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PS-028 Successful pregnancy outcome with interferon-alpha in haematological patients
  1. J Sánchez Gundín,
  2. A Flor García,
  3. M Llorente Serrano,
  4. L Recuero Galve,
  5. G Marcos Pérez,
  6. D Barreda Hernández
  1. Virgen de La Luz Hospital, Pharmacy Department, Cuenca, Spain


Background Pegylated Interferon-alpha-2b (pegIFNα2b) is an effective agent for the treatment of haematological malignancies. As it does not inhibit DNA synthesis, this agent may be safe for use during pregnancy.

Purpose To describe 2 cases of successful pregnancies in patients with haematological disorders treated with pegIFNα2b.

Material and methods Medical record review and literature search.

Results Patient 1: 30-year-old woman diagnosed with polycythaemia vera at age 13, well-controlled with hydroxyurea. Chemotherapy was interrupted due to the patient’s desire for a second pregnancy and treatment with pegIFNα2b 50mcg/week subcutaneously was initiated. (During the first pregnancy she received non-pegylated-IFNα2b with good progression but low tolerance due to influenza-like symptoms). 5 months later, she became pregnant, but was hospitalised due to headaches which caused a dose reduction to 30 mcg/week of pegIFNα2b. Finally, the patient delivered a healthy male infant. 15 days later, pegIFNα2b treatment was interrupted to recommence the usual treatment with hydroxyurea.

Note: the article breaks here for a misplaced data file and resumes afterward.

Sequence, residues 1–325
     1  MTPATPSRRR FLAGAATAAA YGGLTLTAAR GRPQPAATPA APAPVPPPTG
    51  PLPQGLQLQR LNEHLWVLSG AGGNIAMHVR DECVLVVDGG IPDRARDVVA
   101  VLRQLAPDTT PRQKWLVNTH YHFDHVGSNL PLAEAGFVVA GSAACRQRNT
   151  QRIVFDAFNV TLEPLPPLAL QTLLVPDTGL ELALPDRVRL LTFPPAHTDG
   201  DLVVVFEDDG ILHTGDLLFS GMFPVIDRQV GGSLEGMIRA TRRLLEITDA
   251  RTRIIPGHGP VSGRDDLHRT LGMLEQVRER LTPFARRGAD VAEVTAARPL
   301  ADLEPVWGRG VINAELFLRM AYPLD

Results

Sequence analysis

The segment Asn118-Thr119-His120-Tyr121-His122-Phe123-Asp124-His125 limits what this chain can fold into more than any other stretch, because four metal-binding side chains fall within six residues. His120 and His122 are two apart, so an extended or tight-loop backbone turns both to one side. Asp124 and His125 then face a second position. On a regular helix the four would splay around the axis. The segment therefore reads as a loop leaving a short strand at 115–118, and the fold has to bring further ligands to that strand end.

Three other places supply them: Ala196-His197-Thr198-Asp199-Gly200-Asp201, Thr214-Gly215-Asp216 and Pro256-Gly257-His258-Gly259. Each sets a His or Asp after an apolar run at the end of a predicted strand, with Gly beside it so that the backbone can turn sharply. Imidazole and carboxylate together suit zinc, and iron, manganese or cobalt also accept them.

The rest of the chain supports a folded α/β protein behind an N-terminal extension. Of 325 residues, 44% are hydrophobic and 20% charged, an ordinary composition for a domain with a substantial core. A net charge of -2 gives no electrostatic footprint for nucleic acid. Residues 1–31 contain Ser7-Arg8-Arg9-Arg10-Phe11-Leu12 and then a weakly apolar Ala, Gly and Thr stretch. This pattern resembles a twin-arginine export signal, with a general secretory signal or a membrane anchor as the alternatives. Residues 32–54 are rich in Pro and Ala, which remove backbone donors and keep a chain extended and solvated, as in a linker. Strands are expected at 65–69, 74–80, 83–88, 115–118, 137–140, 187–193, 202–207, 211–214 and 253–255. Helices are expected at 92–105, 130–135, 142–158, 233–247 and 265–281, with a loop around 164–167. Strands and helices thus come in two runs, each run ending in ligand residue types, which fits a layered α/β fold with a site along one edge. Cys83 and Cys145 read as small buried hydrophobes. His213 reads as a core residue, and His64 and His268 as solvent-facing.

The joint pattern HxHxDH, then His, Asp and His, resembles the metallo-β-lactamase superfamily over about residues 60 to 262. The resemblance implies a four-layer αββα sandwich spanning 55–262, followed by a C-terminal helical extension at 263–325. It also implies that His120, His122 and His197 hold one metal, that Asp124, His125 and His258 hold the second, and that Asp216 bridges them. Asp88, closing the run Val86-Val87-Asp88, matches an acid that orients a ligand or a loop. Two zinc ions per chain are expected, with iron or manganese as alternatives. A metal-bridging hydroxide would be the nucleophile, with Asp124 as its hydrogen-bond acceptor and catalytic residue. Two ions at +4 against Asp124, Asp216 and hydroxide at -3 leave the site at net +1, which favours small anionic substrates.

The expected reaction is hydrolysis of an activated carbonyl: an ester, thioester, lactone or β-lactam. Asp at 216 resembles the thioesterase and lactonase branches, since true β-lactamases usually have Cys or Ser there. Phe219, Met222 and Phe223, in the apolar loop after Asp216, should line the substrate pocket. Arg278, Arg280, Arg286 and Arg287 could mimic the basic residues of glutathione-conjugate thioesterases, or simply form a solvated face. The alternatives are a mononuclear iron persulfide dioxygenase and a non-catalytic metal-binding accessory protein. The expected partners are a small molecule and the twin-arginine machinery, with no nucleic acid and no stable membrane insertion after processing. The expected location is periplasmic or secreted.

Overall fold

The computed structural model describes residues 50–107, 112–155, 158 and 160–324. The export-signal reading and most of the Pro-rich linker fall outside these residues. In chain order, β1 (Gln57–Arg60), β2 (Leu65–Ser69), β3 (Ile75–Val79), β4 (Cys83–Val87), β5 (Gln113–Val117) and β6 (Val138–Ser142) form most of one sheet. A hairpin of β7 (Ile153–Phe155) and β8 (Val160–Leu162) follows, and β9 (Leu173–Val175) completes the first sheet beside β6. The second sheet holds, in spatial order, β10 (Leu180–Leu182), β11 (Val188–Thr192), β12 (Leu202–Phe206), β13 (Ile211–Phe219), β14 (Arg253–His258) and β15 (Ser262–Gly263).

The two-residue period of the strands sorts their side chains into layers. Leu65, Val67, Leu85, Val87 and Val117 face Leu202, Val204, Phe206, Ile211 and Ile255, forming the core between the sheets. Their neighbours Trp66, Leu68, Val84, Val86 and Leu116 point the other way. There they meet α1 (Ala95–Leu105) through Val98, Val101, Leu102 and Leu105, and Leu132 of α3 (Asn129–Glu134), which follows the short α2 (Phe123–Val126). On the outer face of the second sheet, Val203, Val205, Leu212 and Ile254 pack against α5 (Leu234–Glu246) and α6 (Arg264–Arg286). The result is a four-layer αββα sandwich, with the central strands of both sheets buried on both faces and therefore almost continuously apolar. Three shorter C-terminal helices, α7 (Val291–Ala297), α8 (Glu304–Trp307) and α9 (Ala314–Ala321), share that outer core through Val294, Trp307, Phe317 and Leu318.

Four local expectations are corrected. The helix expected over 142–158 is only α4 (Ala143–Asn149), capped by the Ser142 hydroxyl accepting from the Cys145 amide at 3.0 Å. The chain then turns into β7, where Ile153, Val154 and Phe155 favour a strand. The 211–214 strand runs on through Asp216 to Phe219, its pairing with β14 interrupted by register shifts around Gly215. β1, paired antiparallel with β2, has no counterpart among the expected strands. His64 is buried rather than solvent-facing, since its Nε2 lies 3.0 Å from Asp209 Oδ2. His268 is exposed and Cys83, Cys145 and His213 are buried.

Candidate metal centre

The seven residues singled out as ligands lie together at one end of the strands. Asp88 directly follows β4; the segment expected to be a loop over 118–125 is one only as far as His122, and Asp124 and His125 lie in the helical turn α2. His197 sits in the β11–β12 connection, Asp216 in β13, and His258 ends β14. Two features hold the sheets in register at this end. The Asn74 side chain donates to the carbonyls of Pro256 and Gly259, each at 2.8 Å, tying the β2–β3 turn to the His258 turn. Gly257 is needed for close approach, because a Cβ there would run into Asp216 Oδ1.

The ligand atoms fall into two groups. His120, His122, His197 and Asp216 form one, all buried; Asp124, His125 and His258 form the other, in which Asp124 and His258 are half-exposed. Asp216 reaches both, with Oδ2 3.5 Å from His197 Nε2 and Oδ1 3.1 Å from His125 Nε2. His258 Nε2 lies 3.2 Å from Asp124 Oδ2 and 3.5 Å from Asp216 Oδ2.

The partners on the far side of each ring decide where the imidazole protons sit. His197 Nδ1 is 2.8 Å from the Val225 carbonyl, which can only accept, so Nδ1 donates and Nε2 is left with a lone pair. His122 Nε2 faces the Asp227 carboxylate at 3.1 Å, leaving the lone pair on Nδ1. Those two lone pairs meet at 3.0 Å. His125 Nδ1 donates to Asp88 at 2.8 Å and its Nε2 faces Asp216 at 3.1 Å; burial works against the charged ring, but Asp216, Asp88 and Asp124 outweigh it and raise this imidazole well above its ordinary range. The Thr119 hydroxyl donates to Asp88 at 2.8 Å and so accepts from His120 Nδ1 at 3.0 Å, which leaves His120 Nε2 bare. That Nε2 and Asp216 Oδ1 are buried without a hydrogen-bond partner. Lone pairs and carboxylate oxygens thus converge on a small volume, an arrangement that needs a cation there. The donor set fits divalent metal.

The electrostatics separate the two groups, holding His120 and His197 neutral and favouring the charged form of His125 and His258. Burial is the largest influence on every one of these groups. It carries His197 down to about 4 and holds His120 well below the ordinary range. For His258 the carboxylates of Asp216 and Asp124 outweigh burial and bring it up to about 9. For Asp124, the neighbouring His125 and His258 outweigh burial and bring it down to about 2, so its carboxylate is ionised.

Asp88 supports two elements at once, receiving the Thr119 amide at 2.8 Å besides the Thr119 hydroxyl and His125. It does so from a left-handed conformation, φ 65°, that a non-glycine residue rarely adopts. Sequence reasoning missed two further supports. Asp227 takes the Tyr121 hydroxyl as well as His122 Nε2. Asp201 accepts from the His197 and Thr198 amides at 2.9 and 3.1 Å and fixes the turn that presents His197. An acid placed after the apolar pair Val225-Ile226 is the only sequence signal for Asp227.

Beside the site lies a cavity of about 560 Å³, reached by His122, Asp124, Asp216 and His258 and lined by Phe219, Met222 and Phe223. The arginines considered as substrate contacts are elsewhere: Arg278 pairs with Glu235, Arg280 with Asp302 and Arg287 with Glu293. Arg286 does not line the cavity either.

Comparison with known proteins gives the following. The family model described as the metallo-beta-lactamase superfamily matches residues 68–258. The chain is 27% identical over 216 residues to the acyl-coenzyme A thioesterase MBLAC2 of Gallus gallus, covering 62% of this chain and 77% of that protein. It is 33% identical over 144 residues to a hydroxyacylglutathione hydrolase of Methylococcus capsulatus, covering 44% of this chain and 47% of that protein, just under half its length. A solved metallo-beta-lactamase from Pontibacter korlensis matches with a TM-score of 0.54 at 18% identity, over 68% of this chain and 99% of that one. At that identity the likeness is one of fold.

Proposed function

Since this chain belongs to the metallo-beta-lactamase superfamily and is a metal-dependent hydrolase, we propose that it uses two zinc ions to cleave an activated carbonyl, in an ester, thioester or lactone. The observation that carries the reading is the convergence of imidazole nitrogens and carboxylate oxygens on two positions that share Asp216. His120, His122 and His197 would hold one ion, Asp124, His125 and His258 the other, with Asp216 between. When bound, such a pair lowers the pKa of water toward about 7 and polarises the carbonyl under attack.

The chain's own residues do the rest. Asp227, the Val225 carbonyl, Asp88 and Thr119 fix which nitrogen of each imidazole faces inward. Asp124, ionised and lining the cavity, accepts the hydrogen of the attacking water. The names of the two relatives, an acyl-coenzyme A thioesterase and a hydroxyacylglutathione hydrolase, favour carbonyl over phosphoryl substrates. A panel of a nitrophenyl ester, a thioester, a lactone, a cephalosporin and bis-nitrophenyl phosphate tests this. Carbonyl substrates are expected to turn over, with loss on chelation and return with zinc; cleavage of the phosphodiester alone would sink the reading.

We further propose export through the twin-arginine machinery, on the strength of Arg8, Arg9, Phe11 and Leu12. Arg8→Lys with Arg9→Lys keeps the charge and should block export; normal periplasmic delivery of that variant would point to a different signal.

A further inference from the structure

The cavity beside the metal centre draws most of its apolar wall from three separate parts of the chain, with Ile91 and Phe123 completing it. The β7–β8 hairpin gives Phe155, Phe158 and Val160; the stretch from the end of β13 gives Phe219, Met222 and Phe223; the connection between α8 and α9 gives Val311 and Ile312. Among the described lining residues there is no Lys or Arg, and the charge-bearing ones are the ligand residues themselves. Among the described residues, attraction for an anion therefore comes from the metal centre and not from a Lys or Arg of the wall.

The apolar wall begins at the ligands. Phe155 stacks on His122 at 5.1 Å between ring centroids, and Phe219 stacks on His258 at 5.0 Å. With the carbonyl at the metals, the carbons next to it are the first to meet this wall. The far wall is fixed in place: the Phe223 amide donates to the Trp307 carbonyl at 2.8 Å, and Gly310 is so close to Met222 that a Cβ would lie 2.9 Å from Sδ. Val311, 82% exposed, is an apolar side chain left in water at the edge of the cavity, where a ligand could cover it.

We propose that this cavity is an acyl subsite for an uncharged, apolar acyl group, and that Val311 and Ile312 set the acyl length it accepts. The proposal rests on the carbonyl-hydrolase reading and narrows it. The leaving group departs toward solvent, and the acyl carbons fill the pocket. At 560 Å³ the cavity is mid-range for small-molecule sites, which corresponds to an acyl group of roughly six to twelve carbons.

Patient 2: 27-year-old woman with Philadelphia chromosome-positive chronic myeloid leukaemia diagnosed at age 22, well-controlled with imatinib. The patient interrupted antineoplastic treatment due to her desire to conceive a child and subcutaneous treatment with pegIFNα2b at 50 mcg/week was initiated. She became pregnant after 4 months and pegIFNα2b dose was increased to 80 mcg/week and developed hypothyroidism which was treated with levothyroxine. Finally, the patient delivered a healthy male infant and 1 month later, she discontinued pegIFNα2b and levothyroxine treatment to recommence her usual treatment with imatinib.

Both were normal full-term deliveries. Infant growth and development have been normal to date (follow-up time of 2 and 3 years). Blood tests were normal during pregnancies. Only mild anaemia and slight neutrophilia were detected in the first patient, but did not require treatment interruption.

Conclusion PegIFNα2b was well tolerated, safe and effective, and caused no complications during the pregnancies. Since chemotherapy agents involve teratogenic effects, pegIFNα2b might be a safe treatment option during pregnancy, although further teratogenic studies are necessary.

References and/or acknowledgements No conflict of interest.

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